To say ‘Lasers’ was a disappointing album in modern Hip-Hop would be an understatement. It’s probably one of the most disappointing albums to ever grace Hip-Hop – an album filled with the most horrible production and pop hooks coming from someone who was once hailed as the ‘saviour of Hip-Hop’. It did however offer us an insight into the turbulent relationship Lupe Fiasco has had with his record label ‘Atlantic’ in that it sounded like a man who had a lot to say yet the system were on his back thinking of bigger and better ways to market the album. This is the last album that Lupe will be releasing on Atlantic and he seems like he wants to redeem his name well and truly on his way out.
Even on Lupe’s finest albums he’s always been critical on them before they’ve even been released like on his first ‘Food And Liquor’ album which is regarded by many to be fantastic. Yet, on this album he’s straight up saying that the album is a ‘masterpiece’ as one of the best things he’s ever done. It’s hard not to see where he’s coming from as this album certainly is extremely ambitious; the album consists of 16 tracks, three of which are nine minutes long and most of the others are over five minutes.
There’s also a theme of the changing seasons that run throughout this album and online there has already been so many in-depth discussions about the concept of this album and the way in which you should listen to the album. It’s easy to see why the fans are going nuts because this is easily Lupe’s most lyrically on point and interesting albums since his sophomore album ‘The Cool’. Not just that but because of the length of the album there are points where Lupe’s spitting harder than ever before like on the second track on the album ‘Mural’ which is a nine minute hookless track just featuring him and no one else. Much like the rest of this album, this song demands repeat listens because the amount of metaphors and rhymes in the middle of lines are just amazing. The way that Lupe delivers his lines is much like a poet in that he’ll think of a way to make them sound as gorgeous as humanly possibly like ‘Sanskrit dance on the page of the dead book’, it’s simple yet sounds beautiful. Some might say that this is typical of Lupe since he’s seen as a more pretentious figure in Hip-Hop but there’s absolutely no denying his technical ability on here.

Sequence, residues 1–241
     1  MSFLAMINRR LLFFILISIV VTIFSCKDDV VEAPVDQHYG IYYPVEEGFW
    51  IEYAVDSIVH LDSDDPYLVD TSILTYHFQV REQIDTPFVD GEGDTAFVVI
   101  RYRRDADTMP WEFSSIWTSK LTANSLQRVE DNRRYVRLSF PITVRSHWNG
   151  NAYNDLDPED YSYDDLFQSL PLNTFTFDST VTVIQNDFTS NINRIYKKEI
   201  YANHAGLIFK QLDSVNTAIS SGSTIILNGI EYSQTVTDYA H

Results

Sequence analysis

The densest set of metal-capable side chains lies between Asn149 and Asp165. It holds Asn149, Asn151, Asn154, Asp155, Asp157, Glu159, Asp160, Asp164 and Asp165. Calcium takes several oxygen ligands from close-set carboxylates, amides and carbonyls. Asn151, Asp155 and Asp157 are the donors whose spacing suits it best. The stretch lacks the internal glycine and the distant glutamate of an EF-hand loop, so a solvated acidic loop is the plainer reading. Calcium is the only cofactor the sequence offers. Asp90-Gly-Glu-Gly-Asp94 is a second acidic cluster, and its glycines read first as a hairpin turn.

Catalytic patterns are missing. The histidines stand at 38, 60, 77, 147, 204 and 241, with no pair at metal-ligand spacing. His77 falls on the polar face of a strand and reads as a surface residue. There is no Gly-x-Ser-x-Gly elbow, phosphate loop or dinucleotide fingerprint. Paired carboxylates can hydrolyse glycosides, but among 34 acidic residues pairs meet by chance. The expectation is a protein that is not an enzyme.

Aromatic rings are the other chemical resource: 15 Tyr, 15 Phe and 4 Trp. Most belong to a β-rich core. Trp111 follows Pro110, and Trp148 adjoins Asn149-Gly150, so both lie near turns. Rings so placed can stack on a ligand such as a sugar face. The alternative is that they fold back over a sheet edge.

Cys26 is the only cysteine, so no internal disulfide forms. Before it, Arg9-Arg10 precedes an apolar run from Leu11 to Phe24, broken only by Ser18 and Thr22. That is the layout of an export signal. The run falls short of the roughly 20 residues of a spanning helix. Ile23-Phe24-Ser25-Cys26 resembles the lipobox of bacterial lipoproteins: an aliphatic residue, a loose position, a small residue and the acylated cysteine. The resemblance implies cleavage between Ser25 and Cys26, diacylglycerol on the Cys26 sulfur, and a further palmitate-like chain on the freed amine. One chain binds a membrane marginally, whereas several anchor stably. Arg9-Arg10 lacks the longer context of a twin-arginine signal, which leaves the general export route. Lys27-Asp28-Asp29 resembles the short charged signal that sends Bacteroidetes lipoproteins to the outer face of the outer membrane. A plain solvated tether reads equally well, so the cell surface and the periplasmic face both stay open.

The themes on this album don’t follow a written out narrative per-say even if they do have a theme following the seasons. Each song can be taken on its own and it would still be just as powerful than it would in the context of the album. Lupe doesn’t rely on a storyline or narrative to tell a story, he can do it all in one song and explore a whole nature of things in the entirety of the album based around the central theme. The central theme of this album does appear to be youth and focuses on different parts of Lupe’s life growing up whether that be living in a neighbourhood that’s so rough to live in that the pizza man won’t deliver round there any more (‘Deliver’) or going through his brother’s porn stash (‘Mural’). He still focuses on current issues within these songs though like the track ‘Body Of Work’ which cleverly takes the story of a woman who smuggles drugs by putting them inside her and uses it as a way to comment on Hip-Hop and the female relationship inside the genre.